concept of academic “excellence” is rooted not in narrow disciplinary
endeavour, but in the Greek understanding of all-round excellence in life - “aretê.”
It was with Phaedrus, in a grove by the river, barefoot and inspired by
the spirituality of nature, that Plato’s mentor Socrates put forward his
thesis that love is the central motivation and goal of the philosopher. Without
love there is no wisdom; only dry learning. And intriguingly, coming as it does
from one of the greatest “dead white males” of them all, Plato’s Symposium
tells that Socrates derived such philosophy from a wise woman - Diotima
This call to wisdom is the origin of the word, "vocation." A
"professor" should be one who professes their vocation; who honours
their calling. Too often we forget this in the groveless academy of the modern
university where cars outnumber trees. We risk producing graduates more
comfortable with the virtual conviviality of a computer than with
The 1993 science White Paper illustrates how far debasement of the
universities is being pushed. It calls, fundamentally, for "key cultural
change" to accord academia with the needs of government and industry.
It predicates wealth creation, seeking interaction on an escalating scale
"between scientists and businessmen involved in the day-to-day business of
selling in competitive markets." A whole chapter promoting the
military-industrial complex underscores the dearth of ethics, the ethics of
Our young are to be induced into all this by the Government having
embarked upon "a radical agenda of changes in the education and training
system, including changes in the school curriculum."
Of course, the White Paper has some virtues and nobody denies that we
need industry with first rate scientific brains behind it. But gone is serious
acknowledgement of the value of science, of academia generally, in offering to
society a philosophic guiding hand. Gone is Plato’s classical scientific
notion that we can better heal the disharmonies within ourselves through coming
to know the harmonies of nature. Wisdom is out. Only the values of the market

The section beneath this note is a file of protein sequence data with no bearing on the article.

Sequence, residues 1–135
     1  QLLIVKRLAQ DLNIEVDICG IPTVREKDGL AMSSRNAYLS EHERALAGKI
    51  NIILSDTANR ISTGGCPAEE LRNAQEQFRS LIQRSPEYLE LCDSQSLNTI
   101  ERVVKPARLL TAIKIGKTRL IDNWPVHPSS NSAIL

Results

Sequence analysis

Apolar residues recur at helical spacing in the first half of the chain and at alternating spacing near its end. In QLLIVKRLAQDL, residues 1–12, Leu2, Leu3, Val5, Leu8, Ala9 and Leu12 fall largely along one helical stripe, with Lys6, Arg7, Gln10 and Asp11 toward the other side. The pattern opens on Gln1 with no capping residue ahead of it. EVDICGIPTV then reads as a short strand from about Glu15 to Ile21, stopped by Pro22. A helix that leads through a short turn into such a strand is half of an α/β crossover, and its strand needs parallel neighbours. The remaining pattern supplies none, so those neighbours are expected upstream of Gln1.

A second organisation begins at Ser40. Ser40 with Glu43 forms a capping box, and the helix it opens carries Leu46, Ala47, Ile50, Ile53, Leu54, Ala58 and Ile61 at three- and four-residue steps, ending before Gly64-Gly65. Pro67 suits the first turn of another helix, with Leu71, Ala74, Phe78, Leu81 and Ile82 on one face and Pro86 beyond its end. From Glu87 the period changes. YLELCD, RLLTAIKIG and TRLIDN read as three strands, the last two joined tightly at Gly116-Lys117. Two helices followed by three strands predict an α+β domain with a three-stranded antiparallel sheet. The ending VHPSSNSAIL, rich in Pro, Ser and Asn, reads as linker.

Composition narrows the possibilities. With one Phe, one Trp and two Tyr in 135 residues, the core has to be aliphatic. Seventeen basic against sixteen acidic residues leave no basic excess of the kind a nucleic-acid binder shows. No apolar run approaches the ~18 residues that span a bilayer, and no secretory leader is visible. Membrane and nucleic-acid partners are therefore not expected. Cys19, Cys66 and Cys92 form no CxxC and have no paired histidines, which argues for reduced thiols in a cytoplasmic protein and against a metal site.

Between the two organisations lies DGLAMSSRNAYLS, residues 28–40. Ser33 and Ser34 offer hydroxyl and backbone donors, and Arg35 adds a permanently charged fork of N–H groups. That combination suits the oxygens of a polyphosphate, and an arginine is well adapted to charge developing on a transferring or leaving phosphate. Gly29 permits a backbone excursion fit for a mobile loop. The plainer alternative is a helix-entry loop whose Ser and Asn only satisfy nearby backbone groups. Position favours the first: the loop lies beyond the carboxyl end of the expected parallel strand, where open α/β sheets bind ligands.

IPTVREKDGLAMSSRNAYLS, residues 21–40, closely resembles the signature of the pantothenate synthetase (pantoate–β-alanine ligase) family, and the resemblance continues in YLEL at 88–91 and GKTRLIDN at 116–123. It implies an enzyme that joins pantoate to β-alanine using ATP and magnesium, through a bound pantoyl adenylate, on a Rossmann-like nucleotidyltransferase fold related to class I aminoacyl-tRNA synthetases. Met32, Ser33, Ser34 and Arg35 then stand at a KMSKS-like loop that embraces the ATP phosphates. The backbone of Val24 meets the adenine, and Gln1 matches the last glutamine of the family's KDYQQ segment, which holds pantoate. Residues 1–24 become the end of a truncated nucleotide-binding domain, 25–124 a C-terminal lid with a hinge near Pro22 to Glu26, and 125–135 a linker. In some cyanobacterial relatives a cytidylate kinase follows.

Such science without social and ecological justice is the science of Dr
Strange-love. A travesty of vocation.
In 1950 the pioneering Scots human ecologist, Frank Fraser-Darling,
wrote that, “the phenomenon of accelerating devastation and increasing
population (may mean) that the very achievement of humanness dooms us, and that
civilisation is an ultimate contradiction.”
Whether one agrees or not, the question remains, as the Brundtland
Commission put it, of how to overcome humankind’s failure to fit its doings
into nature’s patterns.
Therein lies the challenge to universities if they can reach beyond
theologian Mary Daly’s caricature ... “academentia,” as progressive
deterioration of the faculties.
It is a challenge that can perhaps only be met through honouring again a
Scots tradition that builds knowledge as much through poetic holism of the
heart, and sensually aware labour in the manual world of the hand, as by the
abstract rational skills of the head.
It is a challenge to educate not so much for resource management in
seeking a sustainable world, as for self-management of how we use nature’s
resources. To have an agriculture that is not just about plant cultivation, but
about understanding interactions from roots in the soil to the roots of human
culture. To have an economics which recognises that production is ultimately
grounded in ecological carrying capacity linked to human work and creativity,
and not in whizzing money around socially constructed financial systems. And to
have a biology that spans the study of life from genetic conception to spiritual
In short, our
universities must take on board that human ecology which is deeply embedded in
Scots culture. With one foot in the ivory tower’s vantage point and another in
the grove we must reunite the two great philosophies - moral and natural.
preparedness to speak truth to power and expose the shameful sham of any hemlock
cup designed to stifle academic freedom do we prove professionalism. To Socrates
this was the philosopher’s “gadfly” role, upsetting comfortable
complacency by “never ceas(ing) to settle here, there, and everywhere,
rousing, persuading, reproving every one of you.”
Scotland’s deep educational values extending right back to the bardic
schools must be honoured. Whether it be through the Scottish committee of the
Dearing review, through a future Scots parliament, or by radical new educational
innovation, they constitute a claim of right upon which we must persistently
warmly acknowledges insight from such professors of maieutic vocation as Ulrich
Loening, Tom Forsyth and others too numerous to list.